Though they are important too, typical exercises for stretching out the hamstrings and quads can increase the range of motion ever so much, but after a point, hip mobility is the most common issue holding athletes back from achieving their full potential.
Another great exercise for improving side-to-side mobility on the feet, kick height, and also mobility of the feet and lower body in a grappling situation, as well as the range of effective motion, as in the range in which the legs can be used to exert substantial force.
The adductors are medium-sized muscles on the inside of our thighs, which connect the hips to the femur, and are one of the most important muscles in maintaining a solid standing position while kicking, stepping to the side, or stability with any lateral movement of the legs.
This exercise is meant to open up the hips and groin area, mostly focusing on stretching out the adductors, but all the smaller muscles around the lower-core and hip area.
This position starts in a kneeling position (both knees down) with the back upright. Then, as you bend forward for comfort, extend one of your legs to the side and sit back on the other leg. Now, you are basically sitting on a bent knee while having the other leg to the side, stretched out. In this position already, you should feel the inner muscles on your extended leg being worked.
After achieving this passive stretch position, the next step is to squeeze the adductor muscle for 5 seconds with relatively high intensity (without too much pain or discomfort, but as hard as possible), then let go and sit back a little bit more on your leg to stretch out the adductor even more.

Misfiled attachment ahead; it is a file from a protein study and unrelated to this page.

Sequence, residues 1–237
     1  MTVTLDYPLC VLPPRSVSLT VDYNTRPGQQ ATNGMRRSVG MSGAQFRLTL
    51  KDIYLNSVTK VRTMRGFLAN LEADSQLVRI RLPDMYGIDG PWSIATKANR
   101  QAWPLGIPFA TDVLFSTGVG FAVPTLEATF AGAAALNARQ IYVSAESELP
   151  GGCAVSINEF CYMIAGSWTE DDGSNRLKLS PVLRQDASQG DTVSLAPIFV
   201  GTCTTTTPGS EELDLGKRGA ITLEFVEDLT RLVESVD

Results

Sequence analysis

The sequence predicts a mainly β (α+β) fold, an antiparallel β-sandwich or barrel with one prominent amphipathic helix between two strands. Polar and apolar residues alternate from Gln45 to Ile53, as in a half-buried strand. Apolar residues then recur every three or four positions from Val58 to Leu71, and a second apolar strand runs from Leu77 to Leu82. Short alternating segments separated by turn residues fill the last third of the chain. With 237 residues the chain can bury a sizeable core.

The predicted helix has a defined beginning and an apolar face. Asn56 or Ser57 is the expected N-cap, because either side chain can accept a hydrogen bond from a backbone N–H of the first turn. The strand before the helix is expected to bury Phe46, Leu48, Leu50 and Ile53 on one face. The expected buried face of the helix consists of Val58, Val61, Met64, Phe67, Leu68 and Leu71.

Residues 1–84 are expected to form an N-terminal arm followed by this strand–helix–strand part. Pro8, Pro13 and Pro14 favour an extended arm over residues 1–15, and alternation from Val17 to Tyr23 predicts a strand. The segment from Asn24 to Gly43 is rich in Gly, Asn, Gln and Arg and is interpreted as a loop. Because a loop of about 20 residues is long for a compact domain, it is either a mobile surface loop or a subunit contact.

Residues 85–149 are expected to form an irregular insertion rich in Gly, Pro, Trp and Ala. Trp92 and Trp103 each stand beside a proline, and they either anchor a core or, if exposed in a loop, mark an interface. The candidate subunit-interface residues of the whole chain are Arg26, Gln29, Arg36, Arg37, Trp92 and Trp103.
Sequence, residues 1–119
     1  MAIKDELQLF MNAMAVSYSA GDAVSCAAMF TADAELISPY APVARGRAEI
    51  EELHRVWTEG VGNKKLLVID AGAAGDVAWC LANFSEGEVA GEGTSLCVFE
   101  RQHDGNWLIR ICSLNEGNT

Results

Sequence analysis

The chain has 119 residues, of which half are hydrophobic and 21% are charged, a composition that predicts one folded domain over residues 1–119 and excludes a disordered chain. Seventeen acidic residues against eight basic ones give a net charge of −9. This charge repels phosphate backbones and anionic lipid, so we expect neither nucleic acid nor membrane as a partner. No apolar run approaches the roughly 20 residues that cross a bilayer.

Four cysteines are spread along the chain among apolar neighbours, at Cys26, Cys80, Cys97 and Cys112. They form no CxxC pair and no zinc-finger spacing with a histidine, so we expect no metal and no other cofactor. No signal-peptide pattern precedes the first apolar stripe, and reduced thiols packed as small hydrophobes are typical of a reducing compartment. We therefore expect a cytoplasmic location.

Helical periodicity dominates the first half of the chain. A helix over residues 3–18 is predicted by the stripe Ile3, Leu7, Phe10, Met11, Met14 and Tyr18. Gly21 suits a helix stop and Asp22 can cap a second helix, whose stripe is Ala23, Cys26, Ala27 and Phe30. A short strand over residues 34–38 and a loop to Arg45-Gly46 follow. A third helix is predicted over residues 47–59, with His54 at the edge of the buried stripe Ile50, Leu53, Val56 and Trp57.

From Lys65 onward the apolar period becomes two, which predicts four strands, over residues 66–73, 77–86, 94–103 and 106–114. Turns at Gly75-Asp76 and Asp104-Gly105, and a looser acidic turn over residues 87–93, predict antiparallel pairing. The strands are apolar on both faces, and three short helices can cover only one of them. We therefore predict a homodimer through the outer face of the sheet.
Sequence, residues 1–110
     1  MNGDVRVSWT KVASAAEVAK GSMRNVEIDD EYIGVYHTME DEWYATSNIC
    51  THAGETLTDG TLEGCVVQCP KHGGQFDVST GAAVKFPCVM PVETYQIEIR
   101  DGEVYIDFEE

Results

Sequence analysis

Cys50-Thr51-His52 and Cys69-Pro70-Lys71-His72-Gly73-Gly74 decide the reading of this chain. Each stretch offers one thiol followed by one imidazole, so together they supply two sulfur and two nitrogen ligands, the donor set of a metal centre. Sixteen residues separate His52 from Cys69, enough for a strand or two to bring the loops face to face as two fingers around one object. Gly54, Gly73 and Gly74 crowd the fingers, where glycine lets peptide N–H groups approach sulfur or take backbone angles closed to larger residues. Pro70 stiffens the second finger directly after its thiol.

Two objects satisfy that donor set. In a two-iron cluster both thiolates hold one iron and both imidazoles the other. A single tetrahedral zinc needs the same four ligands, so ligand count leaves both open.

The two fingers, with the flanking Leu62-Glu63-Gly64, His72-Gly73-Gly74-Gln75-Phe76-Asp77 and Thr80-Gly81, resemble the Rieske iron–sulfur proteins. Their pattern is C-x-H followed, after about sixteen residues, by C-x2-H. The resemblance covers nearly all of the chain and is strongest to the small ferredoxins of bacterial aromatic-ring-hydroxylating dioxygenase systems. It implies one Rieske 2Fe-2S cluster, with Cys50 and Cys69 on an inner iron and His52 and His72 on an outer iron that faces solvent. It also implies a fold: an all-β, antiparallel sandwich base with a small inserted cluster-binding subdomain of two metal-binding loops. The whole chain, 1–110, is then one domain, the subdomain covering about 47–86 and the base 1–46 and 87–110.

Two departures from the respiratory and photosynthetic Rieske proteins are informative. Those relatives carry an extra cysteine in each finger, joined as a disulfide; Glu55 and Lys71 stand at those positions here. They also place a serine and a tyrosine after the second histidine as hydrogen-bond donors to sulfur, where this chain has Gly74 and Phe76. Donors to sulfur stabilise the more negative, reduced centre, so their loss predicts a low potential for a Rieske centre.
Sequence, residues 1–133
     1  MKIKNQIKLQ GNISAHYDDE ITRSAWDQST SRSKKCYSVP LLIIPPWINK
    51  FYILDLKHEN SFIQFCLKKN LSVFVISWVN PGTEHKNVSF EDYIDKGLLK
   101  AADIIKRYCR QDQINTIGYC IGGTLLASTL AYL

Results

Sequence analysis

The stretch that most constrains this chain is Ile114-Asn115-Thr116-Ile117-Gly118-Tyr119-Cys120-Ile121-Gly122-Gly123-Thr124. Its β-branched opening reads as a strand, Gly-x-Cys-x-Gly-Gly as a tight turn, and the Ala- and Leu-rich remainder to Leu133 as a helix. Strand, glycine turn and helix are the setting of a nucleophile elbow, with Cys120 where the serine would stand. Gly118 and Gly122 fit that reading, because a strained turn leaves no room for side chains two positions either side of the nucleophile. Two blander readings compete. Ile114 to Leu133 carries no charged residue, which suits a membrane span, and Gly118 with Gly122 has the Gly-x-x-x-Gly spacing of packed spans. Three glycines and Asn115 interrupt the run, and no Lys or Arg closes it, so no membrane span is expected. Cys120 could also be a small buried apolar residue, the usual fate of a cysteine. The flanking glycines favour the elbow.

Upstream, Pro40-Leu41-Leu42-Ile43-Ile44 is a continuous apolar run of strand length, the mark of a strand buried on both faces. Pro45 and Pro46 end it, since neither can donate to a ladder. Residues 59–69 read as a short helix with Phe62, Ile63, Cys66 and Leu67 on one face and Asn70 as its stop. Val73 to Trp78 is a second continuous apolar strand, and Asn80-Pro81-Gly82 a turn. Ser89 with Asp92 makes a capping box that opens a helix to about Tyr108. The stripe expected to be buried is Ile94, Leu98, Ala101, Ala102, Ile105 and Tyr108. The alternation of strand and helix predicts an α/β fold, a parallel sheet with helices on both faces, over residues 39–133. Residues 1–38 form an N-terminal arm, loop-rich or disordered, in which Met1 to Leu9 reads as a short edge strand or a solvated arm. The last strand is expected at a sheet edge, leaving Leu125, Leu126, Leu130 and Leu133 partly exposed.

Your hands will have to be on the floor to provide enough support for your body and to be able to focus on stretching the inside of your leg and the surrounding muscles.
Repeat the muscle contraction and then lowering into the sitting position a couple of times, until the discomfort is bearable (usually around 2-4 times), then change legs, and repeat the cycle 2-3 times for optimal results.
The great benefit of this mobility exercise is that it doesn’t only open up your hip and leg so you can kick and grapple better, but it also loosens the lower-back muscles and stretches out your spine, which in turn will decrease the chance of any type of injury and will increase ROM (range of motion even more.
The next exercise will focus on increasing mobility and flexibility in the shoulders, thus enabling better punching power, better grappling, and a lower risk of injury. This is one of the simplest stretching and mobility exercises out there, so don’t miss it out of your routine!
Stand straight and upright, with your core and legs engaged for minimal compensation and unwanted movement. In your hands, placed at substantially wider than shoulder-width, grab an elastic band in front of you, stretching it out into a straight line.